Evidence for a Hidden Planet in IM Lupi’s Disk

The disk surrounding the star IM Lupi has come into clearer focus in the past few years thanks to new observations that revealed spirals, kinks, and other interesting structures. Could a hidden planet be the cause of all these features?

A Detailed Disk

radio image of the disk around IM Lupi

IM Lupi as seen at a wavelength of 1.25 mm. The white bar in the lower right-hand corner is a 10-au scale bar. [Adapted from Andrews et al. 2018]

IM Lupi is a young star with an intriguing protoplanetary disk. Observations of IM Lupi’s disk over the past few years have found that the disk doesn’t rotate evenly; there are more than a dozen “kinks” where the gas moves at a different rate than what we would expect for a smoothly rotating disk. In addition, a spiral pattern is imprinted upon the disk’s upper surface.

Previous research has suggested that these features could signal that IM Lupi’s expansive disk hides a massive planet orbiting the star at a distance of 117 au. In a new publication, a team led by Harrison Verrios (Monash University, Australia) puts that theory to the test.

On a Hunt for Planets

Verrios and collaborators used hydrodynamic modeling to understand how the presence of a planet would affect IM Lupi’s disk. In addition to modeling a planet-less disk as a control case, the team investigated the effects of a planet with a mass 2, 3, 5, or 7 times the mass of Jupiter orbiting the central star at a distance of 100–120 au.

Observed and modeled polarized intensity maps

Observed (left) and modeled (right) polarized intensity maps. The model shows the results for a planet with a mass of 2 Jupiter masses. Click to enlarge. [Verrios et al. 2022]

In order to compare against observations, the team generated images from their hydrodynamic models. Specifically, they modeled the emission from the disk at wavelengths of 1.25 millimeters (which traces the warm dust) and 1.6 microns (which shows the polarized light scattered off the disk). The team found that by including a planet in their simulations, they could reproduce all of the observed velocity kinks as well as the distinctive spiral pattern on the disk’s surface. The team’s models also predicted that the wake created by the planet’s motion should be visible in velocity maps, and observations match this prediction closely. Overall, the authors found that a 2–3-Jupiter-mass planet orbiting at a distance of roughly 110 au produced the best match to the observations.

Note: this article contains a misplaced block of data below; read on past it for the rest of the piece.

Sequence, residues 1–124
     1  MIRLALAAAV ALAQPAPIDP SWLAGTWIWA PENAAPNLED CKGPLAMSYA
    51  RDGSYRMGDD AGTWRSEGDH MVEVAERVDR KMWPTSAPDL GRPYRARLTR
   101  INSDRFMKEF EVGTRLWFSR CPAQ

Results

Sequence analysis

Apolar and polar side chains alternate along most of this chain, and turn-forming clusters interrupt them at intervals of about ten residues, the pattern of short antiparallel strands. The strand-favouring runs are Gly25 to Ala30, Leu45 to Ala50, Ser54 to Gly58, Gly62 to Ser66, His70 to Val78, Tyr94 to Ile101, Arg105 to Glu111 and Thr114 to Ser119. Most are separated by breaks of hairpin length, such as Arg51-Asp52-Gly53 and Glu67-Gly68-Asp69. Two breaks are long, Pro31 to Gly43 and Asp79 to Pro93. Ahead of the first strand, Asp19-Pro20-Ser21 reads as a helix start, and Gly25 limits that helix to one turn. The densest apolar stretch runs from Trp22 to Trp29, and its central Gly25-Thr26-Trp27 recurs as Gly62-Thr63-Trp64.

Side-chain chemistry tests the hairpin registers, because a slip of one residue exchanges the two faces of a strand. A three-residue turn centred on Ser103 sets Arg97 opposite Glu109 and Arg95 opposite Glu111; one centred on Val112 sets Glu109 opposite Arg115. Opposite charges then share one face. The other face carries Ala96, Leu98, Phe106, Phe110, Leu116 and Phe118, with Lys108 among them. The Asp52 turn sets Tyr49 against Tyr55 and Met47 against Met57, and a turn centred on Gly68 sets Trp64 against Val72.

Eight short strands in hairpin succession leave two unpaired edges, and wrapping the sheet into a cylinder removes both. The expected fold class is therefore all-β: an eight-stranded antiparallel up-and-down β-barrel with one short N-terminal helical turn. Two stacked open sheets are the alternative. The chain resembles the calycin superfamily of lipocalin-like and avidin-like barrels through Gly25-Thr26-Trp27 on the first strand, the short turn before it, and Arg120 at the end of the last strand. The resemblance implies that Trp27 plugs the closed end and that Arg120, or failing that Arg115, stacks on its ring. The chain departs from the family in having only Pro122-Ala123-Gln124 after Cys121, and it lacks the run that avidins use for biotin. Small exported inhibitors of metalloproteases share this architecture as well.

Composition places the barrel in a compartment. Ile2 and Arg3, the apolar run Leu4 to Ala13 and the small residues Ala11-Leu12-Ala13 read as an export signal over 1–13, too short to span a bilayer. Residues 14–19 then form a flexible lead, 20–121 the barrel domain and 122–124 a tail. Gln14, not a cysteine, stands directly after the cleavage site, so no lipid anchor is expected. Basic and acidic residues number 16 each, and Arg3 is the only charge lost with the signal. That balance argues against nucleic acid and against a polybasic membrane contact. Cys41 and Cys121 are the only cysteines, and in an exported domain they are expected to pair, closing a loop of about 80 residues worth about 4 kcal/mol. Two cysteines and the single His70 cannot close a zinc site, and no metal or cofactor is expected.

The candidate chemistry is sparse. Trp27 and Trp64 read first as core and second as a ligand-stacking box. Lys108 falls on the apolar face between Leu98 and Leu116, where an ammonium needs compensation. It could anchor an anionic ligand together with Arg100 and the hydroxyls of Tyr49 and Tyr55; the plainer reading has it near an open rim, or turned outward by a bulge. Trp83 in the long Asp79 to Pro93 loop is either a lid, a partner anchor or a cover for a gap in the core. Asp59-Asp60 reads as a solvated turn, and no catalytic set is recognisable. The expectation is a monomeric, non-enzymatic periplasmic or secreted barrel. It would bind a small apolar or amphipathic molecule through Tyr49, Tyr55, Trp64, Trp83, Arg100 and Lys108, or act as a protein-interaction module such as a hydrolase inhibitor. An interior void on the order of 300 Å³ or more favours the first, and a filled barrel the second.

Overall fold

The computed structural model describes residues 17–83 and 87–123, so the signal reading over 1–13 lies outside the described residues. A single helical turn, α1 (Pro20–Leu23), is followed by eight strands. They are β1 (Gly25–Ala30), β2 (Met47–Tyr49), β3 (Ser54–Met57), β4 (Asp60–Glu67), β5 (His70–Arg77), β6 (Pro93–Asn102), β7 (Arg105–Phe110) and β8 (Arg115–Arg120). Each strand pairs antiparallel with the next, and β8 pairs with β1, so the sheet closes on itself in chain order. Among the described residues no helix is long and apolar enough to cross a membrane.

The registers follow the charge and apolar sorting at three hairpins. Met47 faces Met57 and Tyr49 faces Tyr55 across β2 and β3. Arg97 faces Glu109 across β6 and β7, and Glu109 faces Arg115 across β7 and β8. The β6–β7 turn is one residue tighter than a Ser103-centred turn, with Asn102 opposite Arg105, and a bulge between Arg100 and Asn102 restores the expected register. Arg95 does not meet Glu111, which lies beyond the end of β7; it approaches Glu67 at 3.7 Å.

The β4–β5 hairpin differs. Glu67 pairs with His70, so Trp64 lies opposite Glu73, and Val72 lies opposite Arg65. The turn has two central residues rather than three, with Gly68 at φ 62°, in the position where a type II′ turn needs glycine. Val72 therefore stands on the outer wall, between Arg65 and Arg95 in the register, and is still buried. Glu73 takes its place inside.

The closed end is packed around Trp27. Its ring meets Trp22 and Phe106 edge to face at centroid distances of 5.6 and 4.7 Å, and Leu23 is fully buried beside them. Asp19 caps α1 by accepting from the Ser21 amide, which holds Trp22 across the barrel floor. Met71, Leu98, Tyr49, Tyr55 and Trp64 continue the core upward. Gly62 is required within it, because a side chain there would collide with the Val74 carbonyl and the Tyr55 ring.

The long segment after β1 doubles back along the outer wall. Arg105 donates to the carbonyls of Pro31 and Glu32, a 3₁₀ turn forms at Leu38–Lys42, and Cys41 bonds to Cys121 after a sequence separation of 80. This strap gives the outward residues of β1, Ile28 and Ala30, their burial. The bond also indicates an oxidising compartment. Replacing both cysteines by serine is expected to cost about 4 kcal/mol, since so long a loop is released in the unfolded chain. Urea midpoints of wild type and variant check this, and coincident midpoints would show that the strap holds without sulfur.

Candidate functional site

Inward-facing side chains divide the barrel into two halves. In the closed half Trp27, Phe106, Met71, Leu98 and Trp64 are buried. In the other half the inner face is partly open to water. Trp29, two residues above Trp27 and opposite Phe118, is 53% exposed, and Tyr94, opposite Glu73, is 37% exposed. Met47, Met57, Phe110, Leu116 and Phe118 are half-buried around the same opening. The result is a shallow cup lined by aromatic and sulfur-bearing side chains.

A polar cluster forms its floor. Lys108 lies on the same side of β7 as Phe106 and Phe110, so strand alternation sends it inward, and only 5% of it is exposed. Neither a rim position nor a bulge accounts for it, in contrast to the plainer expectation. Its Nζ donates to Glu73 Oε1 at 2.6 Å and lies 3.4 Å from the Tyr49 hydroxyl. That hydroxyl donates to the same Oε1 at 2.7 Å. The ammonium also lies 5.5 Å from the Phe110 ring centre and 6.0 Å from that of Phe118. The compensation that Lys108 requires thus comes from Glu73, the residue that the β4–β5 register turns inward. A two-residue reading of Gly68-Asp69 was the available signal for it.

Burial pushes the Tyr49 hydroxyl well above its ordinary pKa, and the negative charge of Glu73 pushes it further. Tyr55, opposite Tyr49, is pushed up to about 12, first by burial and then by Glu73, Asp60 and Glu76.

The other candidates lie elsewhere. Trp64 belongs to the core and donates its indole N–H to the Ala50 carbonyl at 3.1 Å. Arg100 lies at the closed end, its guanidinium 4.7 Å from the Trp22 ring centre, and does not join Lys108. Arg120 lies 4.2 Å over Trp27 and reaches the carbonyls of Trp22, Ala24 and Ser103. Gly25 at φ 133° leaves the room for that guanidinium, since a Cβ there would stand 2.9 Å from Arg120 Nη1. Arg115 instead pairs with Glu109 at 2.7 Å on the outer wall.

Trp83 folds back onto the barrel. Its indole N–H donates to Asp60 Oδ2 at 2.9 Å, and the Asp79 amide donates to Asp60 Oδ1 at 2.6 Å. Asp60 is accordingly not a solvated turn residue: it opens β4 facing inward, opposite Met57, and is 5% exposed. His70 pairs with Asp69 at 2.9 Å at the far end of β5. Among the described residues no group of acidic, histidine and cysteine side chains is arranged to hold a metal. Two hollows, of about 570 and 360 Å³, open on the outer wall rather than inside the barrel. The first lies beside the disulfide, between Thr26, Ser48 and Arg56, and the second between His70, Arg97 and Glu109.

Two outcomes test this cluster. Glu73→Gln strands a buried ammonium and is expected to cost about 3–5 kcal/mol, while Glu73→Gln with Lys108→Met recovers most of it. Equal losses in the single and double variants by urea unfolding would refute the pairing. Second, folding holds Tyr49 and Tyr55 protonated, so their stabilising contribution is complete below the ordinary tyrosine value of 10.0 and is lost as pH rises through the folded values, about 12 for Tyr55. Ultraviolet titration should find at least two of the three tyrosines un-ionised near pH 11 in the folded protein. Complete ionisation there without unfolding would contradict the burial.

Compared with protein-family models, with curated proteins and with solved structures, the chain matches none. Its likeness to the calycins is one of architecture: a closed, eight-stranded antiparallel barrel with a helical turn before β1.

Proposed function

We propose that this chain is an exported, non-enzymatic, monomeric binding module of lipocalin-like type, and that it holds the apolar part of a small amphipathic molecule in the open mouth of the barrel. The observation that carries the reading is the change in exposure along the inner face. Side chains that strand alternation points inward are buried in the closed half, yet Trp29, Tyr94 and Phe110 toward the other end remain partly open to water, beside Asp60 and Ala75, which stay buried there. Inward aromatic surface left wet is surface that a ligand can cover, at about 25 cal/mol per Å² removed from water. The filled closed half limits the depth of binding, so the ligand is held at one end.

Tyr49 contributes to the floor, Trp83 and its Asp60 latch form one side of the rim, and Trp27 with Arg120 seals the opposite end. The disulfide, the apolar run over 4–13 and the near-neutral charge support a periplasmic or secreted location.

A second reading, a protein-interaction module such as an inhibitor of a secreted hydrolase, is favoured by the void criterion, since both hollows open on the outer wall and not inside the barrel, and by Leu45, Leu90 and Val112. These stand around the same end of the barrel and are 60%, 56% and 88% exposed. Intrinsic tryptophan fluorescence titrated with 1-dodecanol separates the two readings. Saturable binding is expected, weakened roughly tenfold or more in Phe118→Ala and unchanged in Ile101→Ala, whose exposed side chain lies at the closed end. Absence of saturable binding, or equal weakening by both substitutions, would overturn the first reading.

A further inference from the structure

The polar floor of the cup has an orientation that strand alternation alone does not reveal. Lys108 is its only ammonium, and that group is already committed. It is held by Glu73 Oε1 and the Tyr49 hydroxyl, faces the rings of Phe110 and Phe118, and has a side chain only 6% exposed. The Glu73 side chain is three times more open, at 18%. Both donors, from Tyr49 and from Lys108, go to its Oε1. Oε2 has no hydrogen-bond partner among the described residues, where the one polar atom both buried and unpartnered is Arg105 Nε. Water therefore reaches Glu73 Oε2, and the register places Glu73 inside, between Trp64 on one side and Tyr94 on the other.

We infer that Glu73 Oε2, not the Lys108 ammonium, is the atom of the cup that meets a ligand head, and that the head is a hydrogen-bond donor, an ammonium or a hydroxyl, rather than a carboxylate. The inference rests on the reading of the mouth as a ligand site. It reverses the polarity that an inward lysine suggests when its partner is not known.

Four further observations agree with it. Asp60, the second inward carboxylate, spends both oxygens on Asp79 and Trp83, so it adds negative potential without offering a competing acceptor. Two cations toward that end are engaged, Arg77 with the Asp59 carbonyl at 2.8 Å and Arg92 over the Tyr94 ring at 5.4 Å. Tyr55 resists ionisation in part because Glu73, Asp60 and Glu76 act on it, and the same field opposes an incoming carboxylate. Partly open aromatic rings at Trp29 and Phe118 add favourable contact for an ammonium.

Disk Disturbances Demystified

Comparison of observed and modeled velocity maps

Comparison of observed (top row) and modeled (bottom row) 1.25-mm images and velocity maps. The Δv at the bottom of each panel denotes the difference from the rest velocity of the 12CO J=2–1 transition. Click to enlarge. [Adapted from Verrios et al. 2022]

Does this study rule out the possibility that the structures in IM Lupi’s disk have a different cause, such as a gravitational instability? Protoplanetary disks are notorious for having features that mimic the signals of planets, and more work is needed to confirm the presence of a planet tucked away in IM Lupi’s disk — but the authors’ simulations suggest that a planet can explain all the intriguing features of the disk without invoking another cause.

Previously, researchers theorized that a planet could only disturb its disk in a small region immediately surrounding the planet, which would suggest that the more widespread disturbances in IM Lupi’s disk must have another cause. However, Verrios and coauthors found that widespread features popped up in their simulations, suggesting that planets can have more far-reaching effects than predicted.


“Kinematic Evidence for an Embedded Planet in the IM Lupi Disk,” Harrison J. Verrios et al 2022 ApJL 934 L11. doi:10.3847/2041-8213/ac7f44